System on a Chip (SOC)                  

   

“System on a Chip”, or SOC, refers to the integration of all the necessary electronic circuits of diverse functions onto a single chip, to come up with a complete electronic system that performs the more complex but more useful final product function.  Thus, instead of building an electronic product by assembling various chips and components on a circuit board, SOC technology will allow all of these parts to be fabricated together on a single chip, which can function as the final product itself. 

       

For instance, an SOC for electronic control of an automobile's suspension system will have the following distinct parts: 1) an accelerometer for detecting the car's motion; 2) an ADC for converting the accelerometer's analog output into digital data; 3) a digital signal processor for analyzing the digital data; 4) and an output driver system for controlling the mechanical behavior of the suspension system.  In an SOC, all of these functionally individual circuits will be contained on a single integrated circuit.

      

System-on-a-Chip (SOC) must not be confused with System-in-a-Package (SIP), which is a device that consists of multiple individually fabricated chips that make up a complete electronic system housed in a single package. Thus, SIP pertains to an advanced type of packaging technology, while SOC deals with microchip fabrication technology.

     

The advantages offered by SOC technology include:  1) higher performance, since all the circuits will be on a single chip; 2) smaller space requirements; 3) lower memory requirements;  4)  higher system reliability; and 5) lower consumer costs.

           

The challenges posed by SOC technology include:  1) larger design space; 2) higher design and prototyping costs; 3) longer design and prototyping cycle time; 4) more complex debugging; 5) lower IC yields and higher wafer fab costs due to the relatively larger die sizes involved; 6) integration of intellectual property from multiple (and possibly independent) sources.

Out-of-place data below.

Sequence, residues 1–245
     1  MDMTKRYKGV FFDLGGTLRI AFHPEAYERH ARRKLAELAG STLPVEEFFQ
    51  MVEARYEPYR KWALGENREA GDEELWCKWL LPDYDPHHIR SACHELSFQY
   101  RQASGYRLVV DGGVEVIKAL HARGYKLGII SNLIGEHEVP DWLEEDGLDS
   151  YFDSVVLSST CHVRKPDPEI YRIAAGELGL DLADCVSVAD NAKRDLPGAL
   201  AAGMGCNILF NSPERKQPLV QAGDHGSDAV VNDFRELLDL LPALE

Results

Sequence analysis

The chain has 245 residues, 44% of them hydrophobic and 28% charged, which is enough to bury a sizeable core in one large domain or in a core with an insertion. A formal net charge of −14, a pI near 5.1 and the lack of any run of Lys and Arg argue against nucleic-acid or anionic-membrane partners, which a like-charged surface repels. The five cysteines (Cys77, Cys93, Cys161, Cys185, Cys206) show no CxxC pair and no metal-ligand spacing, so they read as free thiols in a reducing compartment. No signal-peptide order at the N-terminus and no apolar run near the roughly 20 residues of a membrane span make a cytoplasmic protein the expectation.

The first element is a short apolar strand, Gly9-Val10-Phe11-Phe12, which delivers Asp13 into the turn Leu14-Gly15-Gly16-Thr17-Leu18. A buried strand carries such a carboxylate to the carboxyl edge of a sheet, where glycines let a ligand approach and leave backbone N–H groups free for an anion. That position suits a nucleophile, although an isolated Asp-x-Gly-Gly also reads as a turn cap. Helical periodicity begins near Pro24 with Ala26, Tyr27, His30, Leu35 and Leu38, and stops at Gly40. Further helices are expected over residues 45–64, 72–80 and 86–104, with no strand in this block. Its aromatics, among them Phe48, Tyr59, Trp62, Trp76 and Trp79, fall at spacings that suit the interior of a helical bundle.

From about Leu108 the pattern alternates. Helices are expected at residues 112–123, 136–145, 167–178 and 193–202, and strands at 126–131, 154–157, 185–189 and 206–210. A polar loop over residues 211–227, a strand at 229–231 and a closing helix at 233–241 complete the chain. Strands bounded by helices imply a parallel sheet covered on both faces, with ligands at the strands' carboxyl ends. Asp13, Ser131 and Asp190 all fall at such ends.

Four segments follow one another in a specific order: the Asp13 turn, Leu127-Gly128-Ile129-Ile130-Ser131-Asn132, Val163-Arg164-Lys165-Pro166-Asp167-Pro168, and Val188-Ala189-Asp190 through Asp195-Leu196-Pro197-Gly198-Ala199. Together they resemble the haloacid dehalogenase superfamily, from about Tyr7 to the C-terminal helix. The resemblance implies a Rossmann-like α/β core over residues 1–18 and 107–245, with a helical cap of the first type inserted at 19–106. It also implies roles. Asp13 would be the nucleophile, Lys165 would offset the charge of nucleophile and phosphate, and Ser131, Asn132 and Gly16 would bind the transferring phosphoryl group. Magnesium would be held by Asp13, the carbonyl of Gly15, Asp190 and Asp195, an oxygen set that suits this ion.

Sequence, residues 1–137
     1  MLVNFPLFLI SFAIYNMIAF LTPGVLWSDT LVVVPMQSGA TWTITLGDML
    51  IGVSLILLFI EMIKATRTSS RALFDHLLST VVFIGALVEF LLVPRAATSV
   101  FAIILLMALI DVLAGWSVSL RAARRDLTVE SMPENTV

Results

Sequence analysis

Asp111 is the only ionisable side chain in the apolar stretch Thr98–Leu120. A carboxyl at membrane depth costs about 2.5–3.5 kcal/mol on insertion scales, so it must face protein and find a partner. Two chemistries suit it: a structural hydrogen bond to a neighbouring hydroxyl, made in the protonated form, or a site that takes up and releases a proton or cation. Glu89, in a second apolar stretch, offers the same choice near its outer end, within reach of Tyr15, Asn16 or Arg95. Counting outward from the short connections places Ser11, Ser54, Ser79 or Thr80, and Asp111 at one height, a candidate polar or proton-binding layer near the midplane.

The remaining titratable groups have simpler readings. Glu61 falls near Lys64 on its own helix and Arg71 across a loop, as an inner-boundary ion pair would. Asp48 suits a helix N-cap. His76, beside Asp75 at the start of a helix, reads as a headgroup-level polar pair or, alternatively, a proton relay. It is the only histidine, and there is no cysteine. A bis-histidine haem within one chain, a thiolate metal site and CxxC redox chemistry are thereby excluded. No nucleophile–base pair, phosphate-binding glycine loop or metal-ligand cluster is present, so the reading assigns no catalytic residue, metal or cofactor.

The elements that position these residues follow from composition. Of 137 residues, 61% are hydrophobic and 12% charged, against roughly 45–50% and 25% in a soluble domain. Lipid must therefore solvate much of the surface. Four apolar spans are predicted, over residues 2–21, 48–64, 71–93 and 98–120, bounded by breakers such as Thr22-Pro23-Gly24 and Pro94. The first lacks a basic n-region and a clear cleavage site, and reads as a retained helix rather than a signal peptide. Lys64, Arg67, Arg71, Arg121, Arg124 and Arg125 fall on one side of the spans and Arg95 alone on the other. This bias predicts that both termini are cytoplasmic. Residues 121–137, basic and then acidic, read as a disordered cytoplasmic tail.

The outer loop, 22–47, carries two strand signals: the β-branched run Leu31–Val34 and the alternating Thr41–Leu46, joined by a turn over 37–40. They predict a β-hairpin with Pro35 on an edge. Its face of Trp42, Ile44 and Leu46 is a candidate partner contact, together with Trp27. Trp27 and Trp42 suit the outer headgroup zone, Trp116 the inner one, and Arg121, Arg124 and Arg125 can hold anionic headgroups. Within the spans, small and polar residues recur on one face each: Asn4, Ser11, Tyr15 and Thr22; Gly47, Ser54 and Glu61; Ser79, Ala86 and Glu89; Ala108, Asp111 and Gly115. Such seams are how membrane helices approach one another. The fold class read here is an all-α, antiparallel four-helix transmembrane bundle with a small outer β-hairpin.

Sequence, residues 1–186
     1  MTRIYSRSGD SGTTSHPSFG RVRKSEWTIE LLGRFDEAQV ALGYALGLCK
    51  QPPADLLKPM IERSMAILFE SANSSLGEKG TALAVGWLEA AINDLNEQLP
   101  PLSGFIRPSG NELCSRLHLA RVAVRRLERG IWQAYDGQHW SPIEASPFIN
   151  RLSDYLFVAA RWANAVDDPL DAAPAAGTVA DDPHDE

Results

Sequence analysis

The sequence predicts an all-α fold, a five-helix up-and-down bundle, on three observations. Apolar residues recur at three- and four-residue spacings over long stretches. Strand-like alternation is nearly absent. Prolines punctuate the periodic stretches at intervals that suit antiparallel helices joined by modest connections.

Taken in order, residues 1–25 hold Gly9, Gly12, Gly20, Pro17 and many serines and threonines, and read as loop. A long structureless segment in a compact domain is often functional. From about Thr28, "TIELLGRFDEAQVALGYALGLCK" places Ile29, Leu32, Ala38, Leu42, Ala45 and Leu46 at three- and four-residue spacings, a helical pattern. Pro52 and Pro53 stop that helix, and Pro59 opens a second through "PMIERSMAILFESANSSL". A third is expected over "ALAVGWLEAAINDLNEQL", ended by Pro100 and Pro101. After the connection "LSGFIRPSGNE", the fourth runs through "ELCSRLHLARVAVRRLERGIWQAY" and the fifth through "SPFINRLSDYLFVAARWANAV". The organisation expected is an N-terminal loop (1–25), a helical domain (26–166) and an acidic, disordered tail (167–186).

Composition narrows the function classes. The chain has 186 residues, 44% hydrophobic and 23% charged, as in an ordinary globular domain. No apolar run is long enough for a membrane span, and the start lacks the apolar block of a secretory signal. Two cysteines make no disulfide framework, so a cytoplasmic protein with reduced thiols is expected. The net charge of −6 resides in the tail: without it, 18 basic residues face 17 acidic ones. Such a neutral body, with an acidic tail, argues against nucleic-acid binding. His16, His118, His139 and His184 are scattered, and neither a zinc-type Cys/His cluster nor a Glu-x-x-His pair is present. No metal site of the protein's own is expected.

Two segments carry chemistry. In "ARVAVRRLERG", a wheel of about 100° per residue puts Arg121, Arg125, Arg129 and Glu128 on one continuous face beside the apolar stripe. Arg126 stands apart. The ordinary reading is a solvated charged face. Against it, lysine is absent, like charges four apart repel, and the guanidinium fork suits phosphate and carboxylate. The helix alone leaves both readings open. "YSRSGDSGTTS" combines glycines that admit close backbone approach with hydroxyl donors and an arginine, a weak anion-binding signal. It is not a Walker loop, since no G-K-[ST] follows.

Figure 1. An acoustic SOC from Akustica, Inc. composed of

microphones, support electronics, and software on a standard

CMOS chip; source: http://www.archive.chipcenter.com

            

Aside from these challenges, the task of electrically testing SOC's is daunting as well. Automatic testers today are built along specific specialty areas, and only the most expensive test systems cater to a wide variety of device technologies. An SOC, in essence being composed of many different devices, requires a test system that can perform electrical testing on all its analog and digital circuit components.  SOC testing, therefore, generally requires high-end and consequently more expensive ATE systems.

             

Due to the complexities and high costs of developing viable SOC technologies, even large semiconductor companies have opted to co-develop SOC-based products with partner companies instead of going about it on their own.  For instance, Motorola, Philips and STMicroelectronics have started working together with TSMC to develop SOC processors that will power a wide variety of products - from set-top boxes to MP3 players to networking equipment.

    

IBM has also formed an alliance with Sony and Toshiba to create a new SOC processor architecture called Cell, which are expected to end up in Sony's PlayStation 3 game console.  AMD, on the other hand, has formed its 'Personal Connectivity Solutions' group, which will focus on SOC's for home-networking products.  Intel is doing the same thing with its XScale processor.

    

SOC development is a complicated activity that encompasses many disciplines, from circuit design to thermal management to test engineering.  Building an SOC from the design library of your own company is one thing, building one from several design libraries from different suppliers is another.  Making the various blocks from these different design libraries work together, even if they're not designed to be compatible with each other in the first place, is indeed a big challenge by itself already.

  

A high level of design reuse among design groups is needed to attain high productivity rates in SOC design. A common approach for design reuse is 'source reuse', which consists of reusing designs created elsewhere. Unfortunately, source reuse is not a very effective system in many cases, since it still involves understanding and redesigning of IP (intellectual property) blocks on the part of the SOC designer to make them useable in a new product.
           

A more effective reuse methodology, known as integration-driven reuse, allows the SOC designer to reuse an IP block without having to make changes to it. One approach for this is to use an integration platform, which is an SOC design environment that includes architectural specifications and pre-qualified IP blocks designed to work together on that platform. Philips is an example of a semiconductor company that employs integration platforms to meet their design productivity goals.

          

Given the high cost of SOC development, it is certainly not the solution for everything in the semiconductor industry.  SOC may be appropriate for high-volume production of not-too-complex systems, but not for low-volume production of complex systems that require different technologies. For the latter case, SIP may be a better choice.

      

See Also:  System in a PackageMEMSIC Packaging IC Manufacturing

  

HOME

                                                    

Copyright © 2005 www.SiliconFarEast.com. All Rights Reserved.